Orange County District Attorney Tony Rackauckas, in his closing
remarks in the high-profile trial of ex-Fullerton police officers
Manuel Ramos and Jay Cicinelli before a packed Santa Ana courtroom,
urged the jury to return guilty verdicts against both men.
"This is your decision, as a jury you speak for our community in
this case as the voice and conscience of this community," Rackauckas
said. "You're going to send a message whether the conduct of these
police officers is acceptable."
Prosecutors accuse the two officers, who approached 37-year-old
Kelly Thomas near a bus depot on the night of July 5, 2011 to
question him about reports of vandalized cars, of turning a routine
police encounter into an unnecessary and savage beating that cost
the unarmed homeless man his life.
Ramos, 39, is charged with second degree murder and involuntary
manslaughter and faces up to 15 years in prison if convicted.
Cicinelli, 41, is charged with involuntary manslaughter and use of
excessive force. He faces up to four years behind bars if found
During his closing argument John Barnett, a defense attorney for
Ramos, described Thomas as a "very dangerous" and unpredictable man
who was uncooperative with police during the confrontation.
"This case, as I told you from the beginning, is not about a
helpless homeless guy," Barnett said.
Defense lawyers argued at trial that Thomas suffered from a weakened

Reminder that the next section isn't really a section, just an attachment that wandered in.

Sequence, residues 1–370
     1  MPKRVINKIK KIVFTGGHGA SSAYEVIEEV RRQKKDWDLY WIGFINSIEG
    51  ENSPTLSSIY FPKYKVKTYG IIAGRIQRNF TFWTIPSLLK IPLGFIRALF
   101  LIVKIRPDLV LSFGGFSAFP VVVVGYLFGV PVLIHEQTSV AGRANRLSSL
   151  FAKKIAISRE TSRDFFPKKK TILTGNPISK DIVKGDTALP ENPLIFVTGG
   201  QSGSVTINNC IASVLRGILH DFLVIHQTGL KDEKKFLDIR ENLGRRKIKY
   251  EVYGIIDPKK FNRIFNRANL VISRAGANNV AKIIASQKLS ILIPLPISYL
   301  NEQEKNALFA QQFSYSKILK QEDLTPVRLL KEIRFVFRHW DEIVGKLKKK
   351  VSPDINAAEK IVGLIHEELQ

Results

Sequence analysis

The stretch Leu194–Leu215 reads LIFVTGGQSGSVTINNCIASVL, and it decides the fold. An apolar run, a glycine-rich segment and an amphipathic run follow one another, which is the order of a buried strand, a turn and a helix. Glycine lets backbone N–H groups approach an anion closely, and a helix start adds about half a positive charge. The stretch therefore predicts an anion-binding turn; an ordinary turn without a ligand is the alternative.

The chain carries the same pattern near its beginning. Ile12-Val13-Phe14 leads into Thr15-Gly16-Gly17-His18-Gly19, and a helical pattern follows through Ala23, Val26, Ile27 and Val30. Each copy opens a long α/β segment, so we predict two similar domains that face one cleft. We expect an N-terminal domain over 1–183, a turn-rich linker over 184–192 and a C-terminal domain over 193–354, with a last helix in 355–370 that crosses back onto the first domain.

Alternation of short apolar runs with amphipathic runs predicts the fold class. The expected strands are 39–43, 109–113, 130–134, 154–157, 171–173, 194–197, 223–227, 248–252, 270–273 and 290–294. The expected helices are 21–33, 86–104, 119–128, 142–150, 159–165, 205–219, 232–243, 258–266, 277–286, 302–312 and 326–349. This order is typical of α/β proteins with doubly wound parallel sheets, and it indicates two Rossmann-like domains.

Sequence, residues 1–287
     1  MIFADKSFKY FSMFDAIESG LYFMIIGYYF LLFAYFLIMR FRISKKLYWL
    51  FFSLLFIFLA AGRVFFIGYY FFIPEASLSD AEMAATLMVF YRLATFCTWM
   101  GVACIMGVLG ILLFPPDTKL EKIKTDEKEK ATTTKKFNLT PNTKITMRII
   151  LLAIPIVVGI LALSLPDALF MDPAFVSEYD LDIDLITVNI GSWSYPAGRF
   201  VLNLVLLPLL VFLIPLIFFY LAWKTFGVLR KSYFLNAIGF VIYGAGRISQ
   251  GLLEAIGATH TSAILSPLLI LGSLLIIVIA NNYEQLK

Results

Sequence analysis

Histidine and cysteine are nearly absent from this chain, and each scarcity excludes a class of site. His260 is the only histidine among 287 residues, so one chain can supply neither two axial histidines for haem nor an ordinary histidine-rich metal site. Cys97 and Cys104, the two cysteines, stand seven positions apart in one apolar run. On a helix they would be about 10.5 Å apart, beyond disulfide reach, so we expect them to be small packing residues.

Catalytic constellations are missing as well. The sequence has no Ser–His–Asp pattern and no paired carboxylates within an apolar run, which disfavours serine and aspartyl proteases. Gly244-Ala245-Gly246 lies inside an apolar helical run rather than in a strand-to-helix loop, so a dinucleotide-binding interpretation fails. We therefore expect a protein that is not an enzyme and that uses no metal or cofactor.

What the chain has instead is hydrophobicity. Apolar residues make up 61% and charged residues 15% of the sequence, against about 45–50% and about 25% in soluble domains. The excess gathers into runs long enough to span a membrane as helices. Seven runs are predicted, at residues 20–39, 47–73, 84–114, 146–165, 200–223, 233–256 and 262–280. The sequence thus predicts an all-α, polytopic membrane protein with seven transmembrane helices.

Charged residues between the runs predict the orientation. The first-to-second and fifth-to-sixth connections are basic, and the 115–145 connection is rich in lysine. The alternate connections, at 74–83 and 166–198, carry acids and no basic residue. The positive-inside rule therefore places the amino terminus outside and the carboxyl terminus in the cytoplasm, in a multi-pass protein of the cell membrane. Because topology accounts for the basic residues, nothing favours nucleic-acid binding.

heart brought on by drug abuse and died because he became combative
with the officers. An attorney for Cicinelli was expected to deliver
his closing statement on Wednesday.
The confrontation that led to
Thomas' death was captured on videotape from a surveillance camera
at the bus station and touched off a series of protests in
Fullerton, as well as the ouster of three city councilmen in a
recall election. The city's police chief also resigned.
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During his closing argument, Rackauckas repeatedly showed jurors
clips from the videotape, in which Thomas can be heard screaming for
help as police officers swarm over him delivering multiple blows and
shocks with a stun gun. At one point he can be heard calling for his
father to help him, yelling: "Daddy, they're killing me."
"It's very haunting," Thomas' father, Ron Thomas, told Reuters
outside court. "I hear it 24/7. I live it every day."
In 2012, Fullerton's acting chief of police posthumously exonerated
Thomas of any wrongdoing in connection with the confrontation,
saying he was cleared of suspicion that he did anything to provoke
the violent struggle that led to his death.
The city has also agreed to pay $1 million to Thomas' mother in a
negotiated settlement of any claims she might have brought in her
son's death. Thomas' father filed a separate lawsuit on the one-year
anniversary of the beating.
(Reporting by Dana Feldman; writing by Dan Whitcomb;
Cynthia Johnston, Dan Grebler and Eric Walsh)
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